Continuing to the extreme on the theme of salt and fish, first a relatively mild concoction of anchovy fry with some salt that was left to intentionally partially ferment/decay in guinamos, post here, and now, fish that was sun dried and literally buried in salt in the form of tuyo. With quite an abundance of fish in the Northern Cebu waters around Bantayan, Malapascua and Bogo, there was also an abundance of dried fish, presumably preserved to be enjoyed at a later time, or exported to other parts of the country, or consumed when there was less access to fresh fish or other foods. Salt is considered a brilliant preservative because it appears to be the enemy of many types of bacteria that just so want to attack recently deceased animals or organic materials… the salt draws out moisture from the fish, thereby reducing the ability of bacteria to thrive. It is absolutely the same concept that is applied to many types of hams… have you ever wondered how a salt-cured ham, made from a fresh bloody ham leg simply treated with salt and left hanging in a cool barn for a year or so can taste so good?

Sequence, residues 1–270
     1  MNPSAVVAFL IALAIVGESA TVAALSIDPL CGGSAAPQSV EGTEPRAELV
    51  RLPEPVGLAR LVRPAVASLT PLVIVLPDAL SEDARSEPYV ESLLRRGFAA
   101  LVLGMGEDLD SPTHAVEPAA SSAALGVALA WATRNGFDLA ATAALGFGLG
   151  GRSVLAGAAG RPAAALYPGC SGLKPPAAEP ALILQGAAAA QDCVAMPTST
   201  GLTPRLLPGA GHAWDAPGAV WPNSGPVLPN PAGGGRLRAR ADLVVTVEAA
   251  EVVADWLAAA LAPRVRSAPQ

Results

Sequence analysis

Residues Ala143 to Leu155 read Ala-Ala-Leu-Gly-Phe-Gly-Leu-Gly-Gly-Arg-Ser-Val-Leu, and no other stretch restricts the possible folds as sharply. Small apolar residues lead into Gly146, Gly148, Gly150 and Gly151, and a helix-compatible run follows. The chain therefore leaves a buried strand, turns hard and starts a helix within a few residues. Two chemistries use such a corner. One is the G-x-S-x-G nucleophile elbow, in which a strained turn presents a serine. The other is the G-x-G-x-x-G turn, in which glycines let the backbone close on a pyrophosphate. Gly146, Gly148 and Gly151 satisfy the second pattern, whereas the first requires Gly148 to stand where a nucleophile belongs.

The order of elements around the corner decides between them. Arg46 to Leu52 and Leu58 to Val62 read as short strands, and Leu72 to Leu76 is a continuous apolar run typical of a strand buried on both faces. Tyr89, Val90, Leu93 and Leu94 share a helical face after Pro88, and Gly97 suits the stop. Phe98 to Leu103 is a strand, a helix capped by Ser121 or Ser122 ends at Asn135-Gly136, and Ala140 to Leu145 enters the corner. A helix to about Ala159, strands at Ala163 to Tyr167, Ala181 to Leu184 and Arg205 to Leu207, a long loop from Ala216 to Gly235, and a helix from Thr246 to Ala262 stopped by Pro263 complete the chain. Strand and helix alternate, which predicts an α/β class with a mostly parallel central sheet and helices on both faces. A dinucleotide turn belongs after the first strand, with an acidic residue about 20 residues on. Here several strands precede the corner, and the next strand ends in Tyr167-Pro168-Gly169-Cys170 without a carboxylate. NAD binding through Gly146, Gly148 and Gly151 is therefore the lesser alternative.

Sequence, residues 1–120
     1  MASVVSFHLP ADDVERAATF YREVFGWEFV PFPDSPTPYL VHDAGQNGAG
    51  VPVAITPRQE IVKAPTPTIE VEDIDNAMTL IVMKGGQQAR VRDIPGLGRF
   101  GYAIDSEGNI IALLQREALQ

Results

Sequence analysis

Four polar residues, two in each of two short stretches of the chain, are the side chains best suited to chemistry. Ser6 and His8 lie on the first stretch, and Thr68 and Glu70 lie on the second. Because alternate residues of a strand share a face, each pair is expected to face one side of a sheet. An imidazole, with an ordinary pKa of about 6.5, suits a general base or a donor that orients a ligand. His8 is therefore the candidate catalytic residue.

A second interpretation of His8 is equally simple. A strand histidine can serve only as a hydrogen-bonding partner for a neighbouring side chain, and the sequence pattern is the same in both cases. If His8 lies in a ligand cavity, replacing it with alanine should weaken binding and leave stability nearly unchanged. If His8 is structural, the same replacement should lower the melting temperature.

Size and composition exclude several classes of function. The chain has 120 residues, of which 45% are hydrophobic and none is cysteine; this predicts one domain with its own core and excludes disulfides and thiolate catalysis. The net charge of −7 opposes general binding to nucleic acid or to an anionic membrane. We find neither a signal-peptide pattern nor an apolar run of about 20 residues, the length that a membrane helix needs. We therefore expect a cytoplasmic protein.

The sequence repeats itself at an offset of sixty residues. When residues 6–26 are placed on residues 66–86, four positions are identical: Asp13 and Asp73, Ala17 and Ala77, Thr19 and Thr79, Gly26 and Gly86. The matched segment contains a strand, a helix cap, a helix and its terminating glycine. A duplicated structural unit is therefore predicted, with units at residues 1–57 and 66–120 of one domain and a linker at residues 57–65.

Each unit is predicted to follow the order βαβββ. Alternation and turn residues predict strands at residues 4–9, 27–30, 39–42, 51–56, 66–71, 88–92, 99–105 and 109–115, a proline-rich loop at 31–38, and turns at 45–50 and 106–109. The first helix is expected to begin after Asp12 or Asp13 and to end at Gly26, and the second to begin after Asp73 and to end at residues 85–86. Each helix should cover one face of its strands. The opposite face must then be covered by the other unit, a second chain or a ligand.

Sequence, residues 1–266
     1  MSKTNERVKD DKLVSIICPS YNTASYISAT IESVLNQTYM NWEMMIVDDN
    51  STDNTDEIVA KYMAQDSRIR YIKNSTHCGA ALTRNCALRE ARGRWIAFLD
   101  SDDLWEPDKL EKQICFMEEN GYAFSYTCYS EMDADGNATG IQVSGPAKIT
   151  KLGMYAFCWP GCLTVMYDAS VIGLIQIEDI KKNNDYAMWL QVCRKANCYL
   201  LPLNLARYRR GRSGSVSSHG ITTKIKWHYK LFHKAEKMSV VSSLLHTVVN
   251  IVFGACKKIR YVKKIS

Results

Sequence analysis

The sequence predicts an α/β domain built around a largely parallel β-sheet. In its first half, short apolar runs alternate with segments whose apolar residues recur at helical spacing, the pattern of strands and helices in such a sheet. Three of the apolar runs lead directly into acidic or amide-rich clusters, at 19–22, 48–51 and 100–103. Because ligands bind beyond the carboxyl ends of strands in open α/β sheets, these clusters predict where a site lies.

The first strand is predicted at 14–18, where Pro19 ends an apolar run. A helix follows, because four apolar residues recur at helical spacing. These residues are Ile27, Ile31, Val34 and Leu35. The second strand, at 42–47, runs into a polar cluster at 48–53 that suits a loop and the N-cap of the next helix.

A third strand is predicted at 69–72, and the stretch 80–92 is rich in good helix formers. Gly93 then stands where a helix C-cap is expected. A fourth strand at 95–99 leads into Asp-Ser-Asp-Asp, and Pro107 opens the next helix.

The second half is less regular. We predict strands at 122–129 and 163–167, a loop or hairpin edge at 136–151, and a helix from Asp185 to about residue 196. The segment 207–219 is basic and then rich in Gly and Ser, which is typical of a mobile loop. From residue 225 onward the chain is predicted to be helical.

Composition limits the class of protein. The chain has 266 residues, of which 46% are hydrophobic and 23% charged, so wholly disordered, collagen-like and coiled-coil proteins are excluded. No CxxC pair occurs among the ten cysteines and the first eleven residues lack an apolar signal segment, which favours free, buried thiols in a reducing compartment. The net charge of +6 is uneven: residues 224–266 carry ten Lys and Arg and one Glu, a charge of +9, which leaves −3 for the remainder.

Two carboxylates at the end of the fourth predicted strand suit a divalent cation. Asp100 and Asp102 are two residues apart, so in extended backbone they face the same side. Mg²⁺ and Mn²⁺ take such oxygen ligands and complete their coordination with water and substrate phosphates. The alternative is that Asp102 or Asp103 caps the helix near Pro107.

Unlike guinamos, which I approached with some trepidation, I have ALWAYS loved tuyo from the earliest memory I have of eating it with vinegar and lots of rice. Oddly, I even like the initial whiff of it when it is frying, though I have to admit the smell is a bit cloying. I like to soak my fried tuyo in chilli vinegar and eat it with rice, fried or scrambled eggs and chopped tomatoes on the side… definitely one of my Top 10 Pinoy comfort meals. So it wasn’t a surprise that I found this crate of freshly delivered tuyo at the Bogo market and was AMAZED by the AMOUNT of salt surrounding the fish. I have always seen the fish when the salt was already brushed off… seeing it in this state was new to me. It was literally packed and buried in lots and lots of salt… The salt not only draws off moisture and heads of bacteria, I think it also intensifies the flavor of the fish. The extreme saltiness requires vinegar to temper its flavor… a trick used often in Filipino dishes… So, if you live outside the Philippines and manage to fry up some tuyo and the neighbors complain, just say with authority “if you can’t imagine eating dried fish, do you think eating a salted dried pig’s leg is any less bizarre?” Hahaha. :)